Oh F&!k: Please Send Backup
When you use the single-branch procedure instead of the multi-branch procedure... this is what happens.
Possible complications to all of this include:
Clueless individuals who do not follow basic instructions and continue to push old versions of the repo, which can be proactively addressed by branch protection but sometimes must also be retroactively dealt with;
Accidentally carrying out the procedure multiple times, resulting in 2, 3, 4, even 5 copies of each commit, and the duplicate commits simply refuse to die
A confusing, tangled, messy commit history that is completely uninterpretable
the first case
In the first case, start by turning on branch protection, then clone a fresh copy of the repository (complete with all the duplicate commits)
the second case
In the second case, find the branch you want to keep,
then rebase or cherry pick any missing commits onto it.
Now remove all the other branches. If these remote branches
are not being removed, make sure you have your syntax right,
and make sure you're using the
git push remote_name :branch_to_delete
For example, if I want to delete the branch
master because I am creating a branch
with improved/cleaned history,
I would do the following:
git checkout <hash-of-commit-to-split-at> # starting point for new branch git branch new_master # create new branch git checkout new_master # switch to new branch ...make some commits... ...rebase some stuff... ...cherry pick some stuff... ...now new branch has a long and totally different commit history from master... git push origin new_master # push all the new stuff to remote "origin" git branch -D master # delete git branch master git push origin :master # propagate deletion of branch "master" to remote "origin"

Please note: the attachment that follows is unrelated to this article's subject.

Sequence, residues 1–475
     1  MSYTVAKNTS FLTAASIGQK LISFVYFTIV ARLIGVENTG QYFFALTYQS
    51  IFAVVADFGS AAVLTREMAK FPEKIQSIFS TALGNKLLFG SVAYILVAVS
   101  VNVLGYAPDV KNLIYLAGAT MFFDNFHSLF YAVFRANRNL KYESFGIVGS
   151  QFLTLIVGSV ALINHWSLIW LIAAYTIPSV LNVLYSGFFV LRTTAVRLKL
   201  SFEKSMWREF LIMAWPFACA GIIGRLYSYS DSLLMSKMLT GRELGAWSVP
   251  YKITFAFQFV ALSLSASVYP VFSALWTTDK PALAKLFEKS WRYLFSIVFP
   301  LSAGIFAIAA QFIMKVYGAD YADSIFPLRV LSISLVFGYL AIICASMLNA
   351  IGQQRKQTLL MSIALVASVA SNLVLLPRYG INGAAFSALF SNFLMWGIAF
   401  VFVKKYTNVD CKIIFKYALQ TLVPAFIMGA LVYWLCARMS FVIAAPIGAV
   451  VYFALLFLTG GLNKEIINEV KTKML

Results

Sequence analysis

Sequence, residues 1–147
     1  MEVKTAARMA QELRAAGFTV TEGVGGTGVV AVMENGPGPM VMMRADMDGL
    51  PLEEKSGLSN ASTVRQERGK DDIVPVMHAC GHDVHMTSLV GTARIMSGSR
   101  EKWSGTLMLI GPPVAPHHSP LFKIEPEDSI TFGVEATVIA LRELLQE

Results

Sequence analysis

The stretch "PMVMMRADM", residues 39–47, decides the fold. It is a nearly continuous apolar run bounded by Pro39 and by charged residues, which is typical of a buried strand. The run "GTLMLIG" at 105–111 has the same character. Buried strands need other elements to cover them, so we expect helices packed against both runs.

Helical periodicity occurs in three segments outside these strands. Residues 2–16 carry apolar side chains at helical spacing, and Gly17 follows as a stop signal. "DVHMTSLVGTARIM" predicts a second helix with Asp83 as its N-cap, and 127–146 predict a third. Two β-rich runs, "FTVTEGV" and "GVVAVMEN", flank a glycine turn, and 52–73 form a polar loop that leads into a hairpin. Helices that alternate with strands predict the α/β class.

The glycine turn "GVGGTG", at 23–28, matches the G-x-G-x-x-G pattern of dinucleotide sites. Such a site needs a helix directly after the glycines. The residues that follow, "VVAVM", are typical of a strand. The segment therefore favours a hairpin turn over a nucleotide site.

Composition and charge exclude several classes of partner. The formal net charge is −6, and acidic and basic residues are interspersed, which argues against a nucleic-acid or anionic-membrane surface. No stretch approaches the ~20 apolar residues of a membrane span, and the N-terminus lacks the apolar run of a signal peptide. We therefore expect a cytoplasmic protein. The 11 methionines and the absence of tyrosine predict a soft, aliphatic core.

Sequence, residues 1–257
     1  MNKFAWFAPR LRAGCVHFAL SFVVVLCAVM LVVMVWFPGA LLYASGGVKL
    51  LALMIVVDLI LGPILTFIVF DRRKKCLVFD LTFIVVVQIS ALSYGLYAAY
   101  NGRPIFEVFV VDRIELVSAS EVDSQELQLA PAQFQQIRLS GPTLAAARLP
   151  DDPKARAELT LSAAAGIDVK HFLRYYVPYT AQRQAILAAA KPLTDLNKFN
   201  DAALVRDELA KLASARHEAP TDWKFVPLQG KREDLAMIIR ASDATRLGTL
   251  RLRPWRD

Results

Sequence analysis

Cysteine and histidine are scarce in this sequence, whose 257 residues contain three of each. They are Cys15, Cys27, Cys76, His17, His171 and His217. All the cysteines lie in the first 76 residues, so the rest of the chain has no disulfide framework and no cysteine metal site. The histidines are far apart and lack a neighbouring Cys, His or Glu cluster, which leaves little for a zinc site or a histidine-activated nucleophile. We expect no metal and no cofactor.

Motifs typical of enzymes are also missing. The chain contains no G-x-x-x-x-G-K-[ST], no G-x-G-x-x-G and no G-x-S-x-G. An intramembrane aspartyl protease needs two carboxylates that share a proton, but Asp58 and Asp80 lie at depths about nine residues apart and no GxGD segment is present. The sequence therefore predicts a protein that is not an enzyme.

the third case
If you have an absolute clusterfuck of a commit history, you need a gifted surgeon. The more gifted the surgeon, the more of your repo history you'll be able to retain.
If you want to perform surgery with a battle axe, you can simply leapfrog a whole series of complicated splits, merges, rebases, and just jump to a point in the repo where things are saner and calmer.
Clone a fresh copy of the repo, and checkout the commit where the clusterfuck is over, when things are saner and calmer:
git checkout <commit-hash>
Now, you're going to copy every single file in that folder into your current (cluster-fucked) repo, exactly, word for word, character for character.
If you have extra files, those are okay. If you have deleted files that are in the saner, calmer commit state, you must add them back in.
Once everything matches, commit your changes. Tag this commit as your "Stargate" - this is the commit that will allow you to rebase from one branch to the other. The repo will be in exactly the same state (with exception of extra files) between these two commits, so changes to one commit can be applied to the other just fine.
Note that you will lose all information about commits that are not rebased or cherry picked, i.e., all the commits that were involved with the clusterfuck.